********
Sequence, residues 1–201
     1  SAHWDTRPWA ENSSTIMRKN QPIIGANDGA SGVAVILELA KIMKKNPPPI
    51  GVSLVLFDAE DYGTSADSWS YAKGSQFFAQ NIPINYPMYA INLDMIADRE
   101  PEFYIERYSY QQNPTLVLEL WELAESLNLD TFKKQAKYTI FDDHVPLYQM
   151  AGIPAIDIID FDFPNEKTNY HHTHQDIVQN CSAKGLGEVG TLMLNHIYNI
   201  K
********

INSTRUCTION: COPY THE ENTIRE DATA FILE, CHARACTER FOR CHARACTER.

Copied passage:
Sequence, residues 1–201
     1  SAHWDTRPWA ENSSTIMRKN QPIIGANDGA SGVAVILELA KIMKKNPPPI
    51  GVSLVLFDAE DYGTSADSWS YAKGSQFFAQ NIPINYPMYA INLDMIADRE
   101  PEFYIERYSY QQNPTLVLEL WELAESLNLD TFKKQAKYTI FDDHVPLYQM
   151  AGIPAIDIID FDFPNEKTNY HHTHQDIVQN CSAKGLGEVG TLMLNHIYNI
   201  K